Wearable electronic devices capable of monitoring the motion of the human body hold enormous promise for many applications such as health monitoring, rehabilitation, and gaming, among others. These sensory systems, also known as artificial or electronic skins, provide a seamless and intimate contact with the body allowing, for example, the detection of skin elongation and limb movement mapping.
One of the key challenges in wearable technology is the ability to combine the desired device functionality with a satisfactory degree of integration with the body. Currently, the limited elasticity of conventional electronic conductors critically hinders the creation of electrical circuits able to maintain their mechanical and electrical integrity when interfacing with the body.
In the last decade, several approaches to form stretchable electronic systems have been proposed by investigating different material combinations, fabrication methods, and integration strategies. Unfortunately, the adopted fabrication techniques pose limitations in terms of pattern resolution and complexity, film thickness, and device footprint.
Recently, owing to their intrinsic deformability and high electrical conductivity, liquid metals—i.e., metals that are liquid at room temperature—have been employed to form stretchable electronic conductors. In particular, gallium-based liquid metals have emerged as candidate materials that combine high stretchability with low gauge factor and high electrical conductivity.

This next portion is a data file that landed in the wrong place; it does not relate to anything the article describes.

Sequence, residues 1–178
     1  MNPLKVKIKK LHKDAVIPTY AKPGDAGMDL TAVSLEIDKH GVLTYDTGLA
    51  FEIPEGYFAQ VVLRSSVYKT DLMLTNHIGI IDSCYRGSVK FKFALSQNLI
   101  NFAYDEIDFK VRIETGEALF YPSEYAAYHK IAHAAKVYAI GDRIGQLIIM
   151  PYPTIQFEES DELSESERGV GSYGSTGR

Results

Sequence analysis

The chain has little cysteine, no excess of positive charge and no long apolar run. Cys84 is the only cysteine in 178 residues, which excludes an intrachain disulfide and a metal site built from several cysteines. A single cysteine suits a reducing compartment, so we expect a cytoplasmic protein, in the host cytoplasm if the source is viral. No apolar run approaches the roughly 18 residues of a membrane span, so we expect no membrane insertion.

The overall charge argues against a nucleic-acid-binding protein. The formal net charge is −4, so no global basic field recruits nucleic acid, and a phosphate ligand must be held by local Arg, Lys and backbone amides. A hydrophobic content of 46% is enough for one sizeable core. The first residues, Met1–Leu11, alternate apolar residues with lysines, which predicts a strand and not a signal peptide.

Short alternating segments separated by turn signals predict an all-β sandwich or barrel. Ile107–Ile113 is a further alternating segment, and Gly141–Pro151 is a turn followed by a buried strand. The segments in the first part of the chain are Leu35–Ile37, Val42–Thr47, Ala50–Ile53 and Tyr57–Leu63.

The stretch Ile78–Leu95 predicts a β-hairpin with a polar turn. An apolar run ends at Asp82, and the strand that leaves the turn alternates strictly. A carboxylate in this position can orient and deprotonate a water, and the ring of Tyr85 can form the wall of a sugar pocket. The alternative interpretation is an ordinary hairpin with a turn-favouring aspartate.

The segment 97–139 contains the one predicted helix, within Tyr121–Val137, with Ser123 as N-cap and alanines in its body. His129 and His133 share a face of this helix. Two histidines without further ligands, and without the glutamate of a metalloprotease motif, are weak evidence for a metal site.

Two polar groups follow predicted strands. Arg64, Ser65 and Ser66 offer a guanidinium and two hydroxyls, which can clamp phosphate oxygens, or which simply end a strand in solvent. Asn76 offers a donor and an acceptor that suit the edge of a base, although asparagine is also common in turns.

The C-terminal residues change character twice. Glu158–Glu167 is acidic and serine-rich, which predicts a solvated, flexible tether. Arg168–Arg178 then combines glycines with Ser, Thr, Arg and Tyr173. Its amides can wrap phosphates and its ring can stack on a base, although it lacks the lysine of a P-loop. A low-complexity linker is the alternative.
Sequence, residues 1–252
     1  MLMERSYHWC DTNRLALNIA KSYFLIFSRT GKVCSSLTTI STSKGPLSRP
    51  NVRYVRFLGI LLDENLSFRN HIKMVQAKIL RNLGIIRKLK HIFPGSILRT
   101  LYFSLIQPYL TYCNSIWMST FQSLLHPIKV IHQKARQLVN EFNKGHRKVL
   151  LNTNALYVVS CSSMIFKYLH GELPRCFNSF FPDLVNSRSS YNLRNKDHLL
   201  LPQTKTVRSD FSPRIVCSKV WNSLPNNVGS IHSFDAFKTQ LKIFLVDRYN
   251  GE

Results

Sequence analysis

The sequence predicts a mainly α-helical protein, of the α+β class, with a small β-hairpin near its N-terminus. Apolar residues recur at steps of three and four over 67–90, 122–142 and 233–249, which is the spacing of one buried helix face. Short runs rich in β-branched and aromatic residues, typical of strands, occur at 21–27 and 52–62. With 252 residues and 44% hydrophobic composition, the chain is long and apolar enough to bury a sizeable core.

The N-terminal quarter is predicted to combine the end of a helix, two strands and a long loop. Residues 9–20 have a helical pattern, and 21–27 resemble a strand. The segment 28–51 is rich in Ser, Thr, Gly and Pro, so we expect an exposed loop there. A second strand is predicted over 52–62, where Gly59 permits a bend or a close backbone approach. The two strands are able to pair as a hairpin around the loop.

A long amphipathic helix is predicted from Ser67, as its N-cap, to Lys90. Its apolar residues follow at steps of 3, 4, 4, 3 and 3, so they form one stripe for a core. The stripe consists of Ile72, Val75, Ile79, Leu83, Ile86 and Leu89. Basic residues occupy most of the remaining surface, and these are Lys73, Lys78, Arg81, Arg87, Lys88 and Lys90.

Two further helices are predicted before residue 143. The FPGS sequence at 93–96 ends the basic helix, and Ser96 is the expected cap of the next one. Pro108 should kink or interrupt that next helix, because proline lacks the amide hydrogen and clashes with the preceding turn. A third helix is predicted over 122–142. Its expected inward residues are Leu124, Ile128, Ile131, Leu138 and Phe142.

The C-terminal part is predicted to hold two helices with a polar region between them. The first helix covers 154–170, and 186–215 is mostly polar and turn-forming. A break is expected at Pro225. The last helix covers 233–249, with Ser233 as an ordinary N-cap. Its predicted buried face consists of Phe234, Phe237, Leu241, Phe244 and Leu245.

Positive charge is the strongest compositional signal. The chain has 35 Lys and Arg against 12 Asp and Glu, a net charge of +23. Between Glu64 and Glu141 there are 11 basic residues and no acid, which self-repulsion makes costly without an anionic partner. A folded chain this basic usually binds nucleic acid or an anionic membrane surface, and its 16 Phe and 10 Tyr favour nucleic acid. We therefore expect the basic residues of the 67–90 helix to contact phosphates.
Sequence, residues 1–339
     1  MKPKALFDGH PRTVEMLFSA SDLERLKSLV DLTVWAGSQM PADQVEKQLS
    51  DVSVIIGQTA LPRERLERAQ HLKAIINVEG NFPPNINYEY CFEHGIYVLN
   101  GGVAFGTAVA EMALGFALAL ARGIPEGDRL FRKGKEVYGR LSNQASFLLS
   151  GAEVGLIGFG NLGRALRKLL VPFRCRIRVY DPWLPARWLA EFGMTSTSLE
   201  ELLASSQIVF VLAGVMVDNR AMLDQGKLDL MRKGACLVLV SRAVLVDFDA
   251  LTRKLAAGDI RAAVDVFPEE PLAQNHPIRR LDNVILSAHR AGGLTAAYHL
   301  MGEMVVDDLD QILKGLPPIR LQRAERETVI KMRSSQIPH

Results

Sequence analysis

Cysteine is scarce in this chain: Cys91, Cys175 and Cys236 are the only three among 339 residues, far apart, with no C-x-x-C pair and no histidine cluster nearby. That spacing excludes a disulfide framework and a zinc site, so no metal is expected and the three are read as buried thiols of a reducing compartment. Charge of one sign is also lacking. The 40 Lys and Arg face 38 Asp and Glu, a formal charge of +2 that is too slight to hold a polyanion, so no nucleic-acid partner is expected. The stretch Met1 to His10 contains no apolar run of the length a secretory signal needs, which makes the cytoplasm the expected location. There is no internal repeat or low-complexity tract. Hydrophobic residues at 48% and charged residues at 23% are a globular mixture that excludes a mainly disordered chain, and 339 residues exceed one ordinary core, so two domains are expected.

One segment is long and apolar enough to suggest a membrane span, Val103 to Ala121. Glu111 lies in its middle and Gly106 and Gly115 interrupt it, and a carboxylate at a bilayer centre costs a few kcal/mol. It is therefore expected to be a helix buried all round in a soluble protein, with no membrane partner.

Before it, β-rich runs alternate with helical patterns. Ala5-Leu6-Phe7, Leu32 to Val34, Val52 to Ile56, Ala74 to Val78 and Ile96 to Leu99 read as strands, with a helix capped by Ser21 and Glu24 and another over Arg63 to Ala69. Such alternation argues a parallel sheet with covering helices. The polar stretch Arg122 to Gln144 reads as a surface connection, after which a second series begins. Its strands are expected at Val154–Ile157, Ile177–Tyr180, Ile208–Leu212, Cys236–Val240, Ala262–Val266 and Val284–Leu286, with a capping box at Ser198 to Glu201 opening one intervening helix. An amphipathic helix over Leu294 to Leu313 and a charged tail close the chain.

In their latest work published in Advanced Intelligent Systems, the research group led by Prof. Stéphanie Lacour (lsbi, EPFL) introduced a novel wafer-scale manufacturing technique to pattern micrometer-thick-gallium-based films on large-area silicone substrates with a high versatility and fine control over the film microstructure and electromechanical performance.
By engineering the topography and surface coating of the silicone substrate, thin and uniform liquid metal films were deposited by thermal evaporation, forming stretchable electrical conductors. These results demonstrate that precise engineering of the gallium technology enables the integration of thin films that offer accurate, reproducible, and durable electromechanical properties. To illustrate the potential of the gallium thin film technology in advanced sensing applications, wearable strain sensors were implemented on a human hand to accurately monitor hand movements.
These findings are relevant in diverse fields such as human-machine interfaces, soft robotics, and healthcare. In contrast with traditional technologies, by allowing for hand movement mapping, the conformability offered by these soft sensors preserves natural sensations without movement restrictions. In particular, the remarkable robustness shown by these soft sensors represents an important milestone.
“We are excited about the potential and maturity of our soft technology. We believe we can now implement it outside of the lab environment and want to use it in rehabilitation and therapeutical protocols in patients suffering from motor disabilities” says Prof. Lacour.
Future studies will focus on improving the system-level integration by removing hard-wired connections and providing more sensing functionalities, such as finger adduction and abduction movements.